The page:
Scholarship negotiations?(12 Posts)
Have temporarily namechanged as don't want to inadvertently out dd ...
She's been offered a decent scholarship at a GDST school - we're also waiting to hear the results from another local school, generally perceived as more prestigious - dd had a scholarship interview there and I think/hope that she has a pretty good chance of a decent scholarship there too, plus we also have a good state back-up
How much room for manoeuvre (if any) is there with scholarship offers? Could we try to up the amount offered?
Nope. They tend to have defined amounts allocated to scholarships, and they have plenty of good candidates. If you turn your noses up at an offer, they'll be happy enough to move onto the next one on the list.
This will all be school specific but we're already aware of GDST increasing scholarship offers in the last couple of weeks ahead of the 14th Feb offers.
The most successful negotiations don't appear to have mentioned money upfront, and as with any negotiation you want as much information as possible when you go in, eg numbers applying, numbers offered, acceptances to date, where your dd is ranked, and what extras she is able to offer.
If you need more financial help, ask about add-on bursaries
Scholarships rarely change in amount, especially when value of award (if it has cash value at all) is published.
Bursaries can be much more flexible. I'm assuming you applied for a bursary as you seem to be relying on reduction of fees. Will you be hearing about the outcome of that at the same time? Unless the school is very rich, there won't be much room to manoeuvre, but there may be some. But has shown herself to be in the scholarship frame, scaring well on your bursary application is likely.
We were offered a GDST music scholarship for DD - quite small, but then their fees were also reasonably low. Our prep school headmistress went in to bat for us at our preferred school (which had a later offer announcement day), telling them what her previous offer was and indicating, I think, that they would have to better that by a considerable amount if they wanted DD (their fees were higher so they had to reduce more). Have no idea how influential she was, but the second school offered us something out of our ballpark dreams. Speaking to them since, they simply say they knew what she was worth to them, what her value was on the school market, and what we were able to pay (We also applied for a bursary and were borderline). Do you have a good head of school who has good relations with the secondary schools? In our experience it can have a huge effect. Hit it from all angles. (Should add of course that DD performed her socks off and was worth everything they offered!)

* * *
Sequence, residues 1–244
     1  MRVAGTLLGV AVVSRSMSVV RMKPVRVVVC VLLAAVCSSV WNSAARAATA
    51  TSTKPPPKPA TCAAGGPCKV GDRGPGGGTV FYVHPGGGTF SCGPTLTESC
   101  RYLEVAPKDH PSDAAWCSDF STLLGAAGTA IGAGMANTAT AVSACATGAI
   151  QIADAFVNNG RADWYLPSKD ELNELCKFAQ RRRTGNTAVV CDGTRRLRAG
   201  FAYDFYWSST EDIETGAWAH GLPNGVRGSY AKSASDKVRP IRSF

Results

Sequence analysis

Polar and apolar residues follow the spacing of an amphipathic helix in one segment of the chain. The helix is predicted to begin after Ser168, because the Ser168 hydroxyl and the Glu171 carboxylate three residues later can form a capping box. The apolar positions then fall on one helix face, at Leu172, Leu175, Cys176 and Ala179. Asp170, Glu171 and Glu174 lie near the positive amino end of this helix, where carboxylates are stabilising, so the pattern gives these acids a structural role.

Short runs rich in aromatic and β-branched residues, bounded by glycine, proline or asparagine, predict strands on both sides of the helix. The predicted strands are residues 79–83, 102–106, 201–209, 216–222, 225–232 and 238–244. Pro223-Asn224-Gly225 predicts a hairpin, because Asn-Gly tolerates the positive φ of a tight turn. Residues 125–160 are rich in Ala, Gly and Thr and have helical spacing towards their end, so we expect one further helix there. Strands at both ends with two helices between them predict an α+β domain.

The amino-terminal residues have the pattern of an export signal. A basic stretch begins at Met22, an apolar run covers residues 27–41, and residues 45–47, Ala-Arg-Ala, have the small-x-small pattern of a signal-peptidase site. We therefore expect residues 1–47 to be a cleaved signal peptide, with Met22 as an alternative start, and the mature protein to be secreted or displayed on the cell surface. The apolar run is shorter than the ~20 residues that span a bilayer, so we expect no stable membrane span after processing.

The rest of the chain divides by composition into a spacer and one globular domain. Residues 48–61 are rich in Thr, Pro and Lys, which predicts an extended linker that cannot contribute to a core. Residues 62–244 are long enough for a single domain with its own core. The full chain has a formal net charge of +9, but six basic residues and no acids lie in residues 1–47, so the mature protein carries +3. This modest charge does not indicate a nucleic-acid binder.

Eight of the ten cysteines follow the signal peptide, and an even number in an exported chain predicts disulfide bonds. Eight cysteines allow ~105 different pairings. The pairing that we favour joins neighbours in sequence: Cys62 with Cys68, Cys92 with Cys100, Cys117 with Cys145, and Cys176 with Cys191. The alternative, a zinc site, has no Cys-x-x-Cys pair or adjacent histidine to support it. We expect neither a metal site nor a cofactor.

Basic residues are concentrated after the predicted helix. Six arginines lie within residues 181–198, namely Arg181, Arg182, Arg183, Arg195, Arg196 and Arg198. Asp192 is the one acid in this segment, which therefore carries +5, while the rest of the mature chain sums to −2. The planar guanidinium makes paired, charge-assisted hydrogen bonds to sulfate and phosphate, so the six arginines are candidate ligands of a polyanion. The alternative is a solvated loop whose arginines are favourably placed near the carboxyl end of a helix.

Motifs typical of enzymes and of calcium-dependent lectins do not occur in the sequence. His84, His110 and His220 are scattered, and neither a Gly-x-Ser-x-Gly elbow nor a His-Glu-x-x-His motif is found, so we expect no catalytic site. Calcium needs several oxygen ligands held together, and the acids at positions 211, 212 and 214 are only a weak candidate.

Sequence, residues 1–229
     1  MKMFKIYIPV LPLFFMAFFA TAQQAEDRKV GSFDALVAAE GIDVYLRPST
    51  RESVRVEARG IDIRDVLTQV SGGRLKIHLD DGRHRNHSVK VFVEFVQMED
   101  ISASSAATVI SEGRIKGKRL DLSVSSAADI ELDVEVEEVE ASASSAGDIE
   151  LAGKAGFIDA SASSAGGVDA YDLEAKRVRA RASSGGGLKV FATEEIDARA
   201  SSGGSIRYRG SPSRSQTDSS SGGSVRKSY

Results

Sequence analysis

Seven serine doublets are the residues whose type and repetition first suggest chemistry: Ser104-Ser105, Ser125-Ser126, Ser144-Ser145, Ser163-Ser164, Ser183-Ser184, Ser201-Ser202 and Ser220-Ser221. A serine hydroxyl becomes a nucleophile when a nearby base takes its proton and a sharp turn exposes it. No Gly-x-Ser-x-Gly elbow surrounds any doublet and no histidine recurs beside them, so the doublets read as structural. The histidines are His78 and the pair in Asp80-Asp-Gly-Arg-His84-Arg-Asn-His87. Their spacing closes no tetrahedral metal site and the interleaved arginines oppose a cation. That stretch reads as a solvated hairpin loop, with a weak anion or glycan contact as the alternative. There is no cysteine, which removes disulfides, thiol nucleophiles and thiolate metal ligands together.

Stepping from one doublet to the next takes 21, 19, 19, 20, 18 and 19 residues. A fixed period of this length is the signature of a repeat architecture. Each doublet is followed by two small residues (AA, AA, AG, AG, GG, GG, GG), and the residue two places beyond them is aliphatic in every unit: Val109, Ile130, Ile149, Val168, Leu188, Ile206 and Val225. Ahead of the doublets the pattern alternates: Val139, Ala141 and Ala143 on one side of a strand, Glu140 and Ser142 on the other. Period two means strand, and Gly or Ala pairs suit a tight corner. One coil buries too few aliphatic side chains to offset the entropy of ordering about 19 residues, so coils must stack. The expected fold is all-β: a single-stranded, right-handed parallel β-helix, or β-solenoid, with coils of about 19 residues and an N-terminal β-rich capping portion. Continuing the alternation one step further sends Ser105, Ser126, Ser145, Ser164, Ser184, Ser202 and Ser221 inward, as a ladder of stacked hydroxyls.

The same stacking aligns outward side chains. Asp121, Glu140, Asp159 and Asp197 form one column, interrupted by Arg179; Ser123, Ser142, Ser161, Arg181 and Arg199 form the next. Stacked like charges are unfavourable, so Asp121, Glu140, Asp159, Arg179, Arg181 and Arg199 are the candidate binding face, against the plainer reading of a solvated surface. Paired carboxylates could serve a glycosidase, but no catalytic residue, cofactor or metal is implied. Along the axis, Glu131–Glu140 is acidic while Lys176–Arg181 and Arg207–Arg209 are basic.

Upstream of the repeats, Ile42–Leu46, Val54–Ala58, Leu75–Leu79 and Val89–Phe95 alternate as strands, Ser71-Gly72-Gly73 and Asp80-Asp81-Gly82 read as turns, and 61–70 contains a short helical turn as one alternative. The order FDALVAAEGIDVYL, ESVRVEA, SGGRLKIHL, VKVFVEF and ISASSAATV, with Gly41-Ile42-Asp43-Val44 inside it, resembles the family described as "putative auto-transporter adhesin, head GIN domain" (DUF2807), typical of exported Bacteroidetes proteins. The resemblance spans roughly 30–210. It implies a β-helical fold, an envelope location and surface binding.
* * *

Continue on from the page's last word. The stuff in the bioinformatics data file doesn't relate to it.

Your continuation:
Friends of friends did it; their DC was offered four scholarships and they played one of against the other and did get some increase out of their first choice.
Just depends if your that type of personality, some people naturally haggle over everything, I know I'm not.
Happy, yes you are right - though for bursary level families like us, it makes a huge difference..........
hmm - above the bursary cut-off but not so well-off that a few thousand over the next few years won't make a big difference to our finances...
will see what the other school offers and think hard!
Does the school have charitable status?
If not, they might decide to put more money into scholarships, rather to bursaries to widen access. The trend with charity is definitely to smaller scholarships and more numerous and/or more generous bursaries.
What state school fall backs do you have? If affordability is going to be such a problem for you, then it might be better to take the disappointment now rather than struggle later. Hard choice, but inevitable sometimes.
Is your child the type all schools will be desperate to have, because they are likely to be Oxbridge material, playing in the National Youth orchestra or sport at national level? Those kind of things might make schools really look to offer more.
Most scholarship kids are bright but not in this league and sadly, really top scholarships are in some sense 'buying' those kids and schools will not be prepared to 'pay' more for the bright but not amazing.
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